When I was a Scout Leader we had
"Full Dress" - official Uniform - Sea Scouts so blue pullovers, bottle top caps, black trousers and necker - leaders in blue shirts with Naval peaked caps
Activity/undress uniform - old sweater/blue shirt with unit badges, Navy/black beret with cap badges from Scouts around the world or a Lemon Squeezer hat with badge collections, knecker
Activity wear - battered clothing plus necker or clothing suitable for the activity (canoe kit, caving gear, etc
Event Wear - for special events - such as our road trip to Hungary - we had a special uniform made ...Navy Blue shorts and short sleeved shirts with our normal uniform badges, Welsh necker and Bottle top caps
As there was no official jacket a Navy/Black Jacket with Scout Badges was accepted.
For an Undress jacket I wore a Navy Blue Ventile windshirt with personal and Scout Badges.
Camp wear was generally as you like plus necker and saw bits of uniform from around the world plus Lemonsqeezer hats complete with badge collections and camp blanket ponchos with badges from around the world.
Full uniform was generally reserved for monthly parades and special events so that it did not get trashed in our very active general meetings and weekend events
If you want to wear it, wear it! We are all volunteers, do whatever makes you happy.
If you are involved in regular parades (eg. QS at Windsor), then i probably wouldn't wear anything unofficial, but for anything else, who really is going to care? And frankly, if somebody small minded enough to care came and said something to me, I would choose to ignore them. I wear an unnoficial badge on my uniform which i worked very hard to earn. It took my fellow scouters several years to notice it, not that any of them gave a hoot.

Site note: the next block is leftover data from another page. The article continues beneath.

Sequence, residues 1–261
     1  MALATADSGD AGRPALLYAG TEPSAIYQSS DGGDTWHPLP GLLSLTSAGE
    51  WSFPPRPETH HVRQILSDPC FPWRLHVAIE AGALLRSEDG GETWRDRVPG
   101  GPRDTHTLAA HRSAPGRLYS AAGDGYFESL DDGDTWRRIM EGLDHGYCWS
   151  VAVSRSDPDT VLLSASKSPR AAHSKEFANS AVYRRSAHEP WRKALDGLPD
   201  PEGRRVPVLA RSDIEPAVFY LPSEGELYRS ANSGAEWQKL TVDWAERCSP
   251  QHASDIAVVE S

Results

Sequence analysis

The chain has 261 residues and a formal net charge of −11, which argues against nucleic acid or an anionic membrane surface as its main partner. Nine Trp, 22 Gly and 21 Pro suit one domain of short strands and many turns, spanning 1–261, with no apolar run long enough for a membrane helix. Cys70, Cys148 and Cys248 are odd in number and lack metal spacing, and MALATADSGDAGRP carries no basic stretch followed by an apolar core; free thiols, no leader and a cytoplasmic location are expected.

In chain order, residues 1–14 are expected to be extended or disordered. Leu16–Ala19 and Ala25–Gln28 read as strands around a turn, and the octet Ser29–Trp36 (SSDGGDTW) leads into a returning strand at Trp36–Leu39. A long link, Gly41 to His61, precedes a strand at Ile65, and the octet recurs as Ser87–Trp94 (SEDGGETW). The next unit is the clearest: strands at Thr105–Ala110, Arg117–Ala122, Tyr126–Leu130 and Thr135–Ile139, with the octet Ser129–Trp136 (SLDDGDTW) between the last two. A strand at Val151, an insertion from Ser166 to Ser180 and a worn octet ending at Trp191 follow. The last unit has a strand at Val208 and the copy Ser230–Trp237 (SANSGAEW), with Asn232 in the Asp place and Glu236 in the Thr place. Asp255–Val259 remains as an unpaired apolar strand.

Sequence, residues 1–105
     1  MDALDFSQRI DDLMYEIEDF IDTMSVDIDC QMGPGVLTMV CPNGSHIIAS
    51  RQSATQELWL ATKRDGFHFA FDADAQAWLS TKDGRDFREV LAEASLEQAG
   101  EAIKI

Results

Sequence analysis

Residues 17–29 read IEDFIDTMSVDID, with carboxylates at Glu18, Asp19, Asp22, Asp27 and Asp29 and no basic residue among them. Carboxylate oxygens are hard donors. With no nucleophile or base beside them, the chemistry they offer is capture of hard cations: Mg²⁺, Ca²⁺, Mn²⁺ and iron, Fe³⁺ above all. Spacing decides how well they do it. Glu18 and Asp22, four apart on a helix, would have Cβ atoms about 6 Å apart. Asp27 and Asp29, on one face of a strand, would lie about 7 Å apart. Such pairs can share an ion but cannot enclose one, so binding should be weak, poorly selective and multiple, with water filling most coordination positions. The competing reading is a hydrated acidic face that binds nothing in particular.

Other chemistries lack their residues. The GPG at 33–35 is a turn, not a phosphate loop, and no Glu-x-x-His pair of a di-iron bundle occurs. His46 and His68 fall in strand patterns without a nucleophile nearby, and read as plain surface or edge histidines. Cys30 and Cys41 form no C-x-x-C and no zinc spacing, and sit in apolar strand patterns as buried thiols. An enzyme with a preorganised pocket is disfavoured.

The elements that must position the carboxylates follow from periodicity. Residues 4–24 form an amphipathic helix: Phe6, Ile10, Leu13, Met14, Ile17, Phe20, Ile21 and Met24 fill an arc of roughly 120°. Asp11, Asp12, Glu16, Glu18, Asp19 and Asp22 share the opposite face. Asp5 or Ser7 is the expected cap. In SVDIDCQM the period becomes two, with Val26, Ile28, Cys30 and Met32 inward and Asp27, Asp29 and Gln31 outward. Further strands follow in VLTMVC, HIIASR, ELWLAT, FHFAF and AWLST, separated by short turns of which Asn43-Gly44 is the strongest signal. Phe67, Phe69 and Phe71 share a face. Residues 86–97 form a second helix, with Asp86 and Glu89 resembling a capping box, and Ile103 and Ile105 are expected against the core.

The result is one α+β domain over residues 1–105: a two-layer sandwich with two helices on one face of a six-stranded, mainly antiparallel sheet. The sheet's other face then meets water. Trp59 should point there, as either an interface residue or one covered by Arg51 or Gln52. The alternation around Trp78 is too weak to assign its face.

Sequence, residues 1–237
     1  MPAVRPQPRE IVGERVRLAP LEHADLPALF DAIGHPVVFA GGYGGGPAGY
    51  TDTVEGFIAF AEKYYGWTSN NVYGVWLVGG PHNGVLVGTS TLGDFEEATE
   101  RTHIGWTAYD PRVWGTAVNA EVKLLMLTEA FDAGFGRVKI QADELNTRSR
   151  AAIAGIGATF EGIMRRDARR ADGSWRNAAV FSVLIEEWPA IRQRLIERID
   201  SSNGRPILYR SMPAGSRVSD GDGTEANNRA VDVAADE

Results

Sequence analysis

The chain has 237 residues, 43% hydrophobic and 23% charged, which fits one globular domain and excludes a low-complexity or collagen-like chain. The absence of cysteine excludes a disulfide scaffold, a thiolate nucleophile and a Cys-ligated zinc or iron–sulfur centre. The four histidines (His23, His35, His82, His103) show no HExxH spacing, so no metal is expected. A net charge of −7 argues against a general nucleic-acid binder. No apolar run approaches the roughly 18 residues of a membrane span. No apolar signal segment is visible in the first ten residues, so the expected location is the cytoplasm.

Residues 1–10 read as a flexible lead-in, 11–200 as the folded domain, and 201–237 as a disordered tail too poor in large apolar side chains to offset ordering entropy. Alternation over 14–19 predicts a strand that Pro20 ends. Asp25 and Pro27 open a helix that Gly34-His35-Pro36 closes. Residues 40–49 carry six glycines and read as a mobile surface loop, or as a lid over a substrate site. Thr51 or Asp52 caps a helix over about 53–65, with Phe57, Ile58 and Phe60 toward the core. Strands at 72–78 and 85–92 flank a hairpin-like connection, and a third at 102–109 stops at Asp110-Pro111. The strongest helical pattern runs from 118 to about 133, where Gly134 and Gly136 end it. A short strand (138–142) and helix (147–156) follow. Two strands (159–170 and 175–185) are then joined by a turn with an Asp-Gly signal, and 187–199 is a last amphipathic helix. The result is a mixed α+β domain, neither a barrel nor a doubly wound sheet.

One of the leaders in our area has about 17 unofficial badges on his uniform (from past camps etc) and is very active in cubs - his view as that scouting is supposed to be fun and you can take it all a little too seriously if you're not careful. Personally I think the BCUK badge looks great, I'm one of a very few who has anything to do with bushcraft in the district and we're looking at setting up a bushcraft fellowship/SAS unit to spread it around. It's interesting to see other peoples point of view - I'm thinking of underneath my First Aider badge and NSRA badge (again, I believe this is unoffical as well...)
You can wear occasional badges for about 3 months providing you have county approval (AFAIK). We are a uniformed organisation, with rules and guidelines with regards to what we can and cannot wear. I think these rules should be adhered too, what example does it set if we flout the rules?
Badges can be sponsored, maybe that is an avenue BCUK would like to take? I know there is talk of bushcrafty type activities coming back 'officially' (unofficially) to Scouting. If there was a 'bushcraft' badge, it could be sponsored by BCUK.
Rule 10.33 Occasional Badges Worn with
a. Occasional badges in respect of national
programmes, activities or events may be